“I’m so sorry.” The beginning of what was about to be a life changing moment for me. Hearing those words from the ultrasound technician caused instant tears. My heart stopped. The next words tore me apart from the inside:
“You’re baby’s heart is not beating anymore.”
How could this be? What did I do wrong? You need to check again! Unfortunately she was right. Our baby had passed on. I had to say goodbye to my baby that I hadn’t been able to hold. My world was shattered. I lost a baby I never met, yet I loved so deeply.
I can remember that day like it was yesterday, and I still feel the pain. Our son was almost two, and I was a stay-at-home mom during the day and working two nights a week at a local veterinary hospital. I loved both jobs. I was ten weeks into our pregnancy. We had seen the baby’s heartbeat once already at seven weeks. The doctor requested another ultrasound to get a more accurate due date. I truly thought I was in the clear and everything was fine. I had no symptoms that our baby had died. I truly imagined this was going to a routine visit.
Often miscarriage is brushed off as not a real loss. After all, we never met the baby. We didn’t even know if we were having a boy or a girl. So it should be easy to get over the loss, right?
Everyone grieves differently. Everyone copes with loss differently. Every miscarriage is a loss, though. It’s the loss of a baby. It’s the loss of the remainder of the pregnancy. It’s the loss of what could have been.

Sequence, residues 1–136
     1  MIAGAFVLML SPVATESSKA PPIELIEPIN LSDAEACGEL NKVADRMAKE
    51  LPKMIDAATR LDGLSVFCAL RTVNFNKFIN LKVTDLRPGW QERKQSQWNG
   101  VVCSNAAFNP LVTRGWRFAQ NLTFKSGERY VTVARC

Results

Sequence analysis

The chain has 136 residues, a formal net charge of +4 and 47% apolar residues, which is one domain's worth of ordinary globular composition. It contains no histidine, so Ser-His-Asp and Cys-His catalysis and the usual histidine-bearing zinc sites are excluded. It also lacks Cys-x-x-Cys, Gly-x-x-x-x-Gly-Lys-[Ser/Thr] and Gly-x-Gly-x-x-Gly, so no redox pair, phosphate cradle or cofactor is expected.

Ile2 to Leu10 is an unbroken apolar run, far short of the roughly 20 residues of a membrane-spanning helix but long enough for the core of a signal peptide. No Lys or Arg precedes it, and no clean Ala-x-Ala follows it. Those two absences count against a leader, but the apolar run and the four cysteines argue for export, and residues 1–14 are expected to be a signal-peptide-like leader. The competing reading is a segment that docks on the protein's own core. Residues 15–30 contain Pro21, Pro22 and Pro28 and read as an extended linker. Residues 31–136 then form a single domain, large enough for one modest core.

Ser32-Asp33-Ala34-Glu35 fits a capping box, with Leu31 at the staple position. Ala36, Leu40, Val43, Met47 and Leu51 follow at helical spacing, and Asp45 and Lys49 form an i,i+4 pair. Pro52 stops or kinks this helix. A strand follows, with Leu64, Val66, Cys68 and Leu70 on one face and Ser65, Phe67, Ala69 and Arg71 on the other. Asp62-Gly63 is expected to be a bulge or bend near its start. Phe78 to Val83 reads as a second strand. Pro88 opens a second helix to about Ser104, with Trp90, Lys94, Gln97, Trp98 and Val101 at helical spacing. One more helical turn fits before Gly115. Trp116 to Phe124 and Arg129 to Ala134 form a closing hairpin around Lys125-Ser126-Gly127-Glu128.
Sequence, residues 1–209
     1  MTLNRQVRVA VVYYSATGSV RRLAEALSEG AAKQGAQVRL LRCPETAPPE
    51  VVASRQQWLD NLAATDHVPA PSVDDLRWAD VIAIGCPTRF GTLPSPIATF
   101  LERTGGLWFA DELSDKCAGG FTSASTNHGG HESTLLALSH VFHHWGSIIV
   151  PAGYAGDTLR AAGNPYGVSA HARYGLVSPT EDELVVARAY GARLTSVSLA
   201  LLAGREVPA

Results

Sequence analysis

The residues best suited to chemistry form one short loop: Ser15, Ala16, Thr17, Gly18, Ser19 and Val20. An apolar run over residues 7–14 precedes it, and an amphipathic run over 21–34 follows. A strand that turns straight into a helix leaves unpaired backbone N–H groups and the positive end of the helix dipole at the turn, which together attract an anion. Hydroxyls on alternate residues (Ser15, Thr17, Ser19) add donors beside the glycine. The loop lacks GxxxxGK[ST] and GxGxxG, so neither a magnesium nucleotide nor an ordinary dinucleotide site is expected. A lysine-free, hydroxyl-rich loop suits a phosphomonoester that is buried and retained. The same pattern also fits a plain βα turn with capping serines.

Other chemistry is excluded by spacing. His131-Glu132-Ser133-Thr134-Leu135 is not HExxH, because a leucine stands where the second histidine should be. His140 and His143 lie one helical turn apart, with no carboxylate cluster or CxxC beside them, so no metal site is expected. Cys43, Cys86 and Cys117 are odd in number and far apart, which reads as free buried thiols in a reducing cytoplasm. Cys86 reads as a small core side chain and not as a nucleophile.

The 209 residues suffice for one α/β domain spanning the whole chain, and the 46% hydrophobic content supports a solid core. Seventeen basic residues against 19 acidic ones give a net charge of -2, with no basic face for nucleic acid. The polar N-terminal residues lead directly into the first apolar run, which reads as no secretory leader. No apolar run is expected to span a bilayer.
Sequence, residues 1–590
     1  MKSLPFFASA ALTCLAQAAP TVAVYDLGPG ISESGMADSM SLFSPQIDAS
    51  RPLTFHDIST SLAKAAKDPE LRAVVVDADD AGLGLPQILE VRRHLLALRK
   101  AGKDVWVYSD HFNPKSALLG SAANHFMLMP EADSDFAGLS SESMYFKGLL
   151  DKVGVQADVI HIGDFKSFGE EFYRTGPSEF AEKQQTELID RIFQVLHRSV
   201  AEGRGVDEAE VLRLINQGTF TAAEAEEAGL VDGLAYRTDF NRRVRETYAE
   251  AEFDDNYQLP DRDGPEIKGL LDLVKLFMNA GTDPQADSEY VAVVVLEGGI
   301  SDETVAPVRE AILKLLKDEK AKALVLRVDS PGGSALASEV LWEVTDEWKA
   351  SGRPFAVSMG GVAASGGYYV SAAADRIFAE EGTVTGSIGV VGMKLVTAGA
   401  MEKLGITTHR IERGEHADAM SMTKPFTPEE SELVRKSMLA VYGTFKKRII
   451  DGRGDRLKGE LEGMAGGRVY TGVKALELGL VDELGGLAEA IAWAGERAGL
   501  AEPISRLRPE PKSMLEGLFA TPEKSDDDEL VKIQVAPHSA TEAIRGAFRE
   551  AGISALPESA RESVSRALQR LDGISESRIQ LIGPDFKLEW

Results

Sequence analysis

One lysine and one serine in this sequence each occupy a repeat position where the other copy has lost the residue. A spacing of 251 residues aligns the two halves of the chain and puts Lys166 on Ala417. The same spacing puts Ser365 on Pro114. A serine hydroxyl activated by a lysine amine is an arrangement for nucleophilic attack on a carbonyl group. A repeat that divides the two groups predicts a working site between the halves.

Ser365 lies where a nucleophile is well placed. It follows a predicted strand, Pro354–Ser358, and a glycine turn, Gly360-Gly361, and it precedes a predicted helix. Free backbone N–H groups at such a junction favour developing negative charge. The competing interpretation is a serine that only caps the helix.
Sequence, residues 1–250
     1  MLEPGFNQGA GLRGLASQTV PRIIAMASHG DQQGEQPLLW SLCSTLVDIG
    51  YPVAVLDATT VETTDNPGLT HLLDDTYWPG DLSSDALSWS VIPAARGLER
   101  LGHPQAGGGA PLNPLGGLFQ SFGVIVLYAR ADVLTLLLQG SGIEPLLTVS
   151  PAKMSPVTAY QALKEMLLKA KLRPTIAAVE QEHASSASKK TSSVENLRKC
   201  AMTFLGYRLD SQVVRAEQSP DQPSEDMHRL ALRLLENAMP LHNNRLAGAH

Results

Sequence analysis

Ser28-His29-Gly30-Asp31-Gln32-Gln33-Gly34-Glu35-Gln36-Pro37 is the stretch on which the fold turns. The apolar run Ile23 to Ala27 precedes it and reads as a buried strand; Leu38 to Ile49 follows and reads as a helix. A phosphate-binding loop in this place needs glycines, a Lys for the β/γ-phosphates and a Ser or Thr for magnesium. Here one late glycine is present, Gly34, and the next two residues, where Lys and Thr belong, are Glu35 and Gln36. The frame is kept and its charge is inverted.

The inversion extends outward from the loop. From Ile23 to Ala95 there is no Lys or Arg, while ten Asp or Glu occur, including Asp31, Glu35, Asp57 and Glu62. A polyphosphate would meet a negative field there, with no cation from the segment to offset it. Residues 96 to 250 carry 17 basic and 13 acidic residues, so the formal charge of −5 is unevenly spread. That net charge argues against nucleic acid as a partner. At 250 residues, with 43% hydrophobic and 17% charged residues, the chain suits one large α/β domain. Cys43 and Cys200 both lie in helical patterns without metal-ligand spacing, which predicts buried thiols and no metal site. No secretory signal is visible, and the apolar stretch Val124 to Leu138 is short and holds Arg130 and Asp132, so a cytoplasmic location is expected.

If you are grieving the loss of a child because of a miscarriage, please know you are not alone. Seek out help from those who have also suffered this kind of loss. Your pain is real, and you need to grieve.
The most helpful thing for me was friends who came along side me sharing their stories of loss and letting me talk about mine. It’s okay to talk about it, and it’s okay not to talk about it. We chose to name our baby; you may choose to do the same, or you may decide not to.
Take time to grieve. Getting pregnant again will not replace the baby you lost, so give yourself time. If you find yourself having trouble coping with the loss, get help. Sometimes people feel weird asking for help after a miscarriage, because they feel their loss is not “that big of a deal.” Don’t fall into that trap. Your loss is real; if you need help, get help.
Infant loss is similar to miscarriage. How can you be so sad and grieving a baby you barely knew? The loss is real. It feels as though a part of your heart is gone. This was your child, and you are free to grieve however you need. It’s okay to honor your baby with a funeral service. Some people might want to shy away from talking about your baby for fear or making you upset. If you want to talk about it, let others know it’s okay to talk about the baby. And if others don’t talk about your baby, don’t think it’s because they don’t care. Some people just might be uncomfortable.
The most important thing to remember is do not be afraid to seek help if your sadness is too much. Talking to friends can help, but sometimes a professional is what you need. Don’t ever let pride get in the way of getting the help you need. Call your OB and ask for suggestions of professionals who can help you with your grief.
October 15 is National Pregnancy & Infant Loss Awareness Day. If you or a loved one is struggling with grief due to a loss, please visit the Hand to Hold website for resources and support.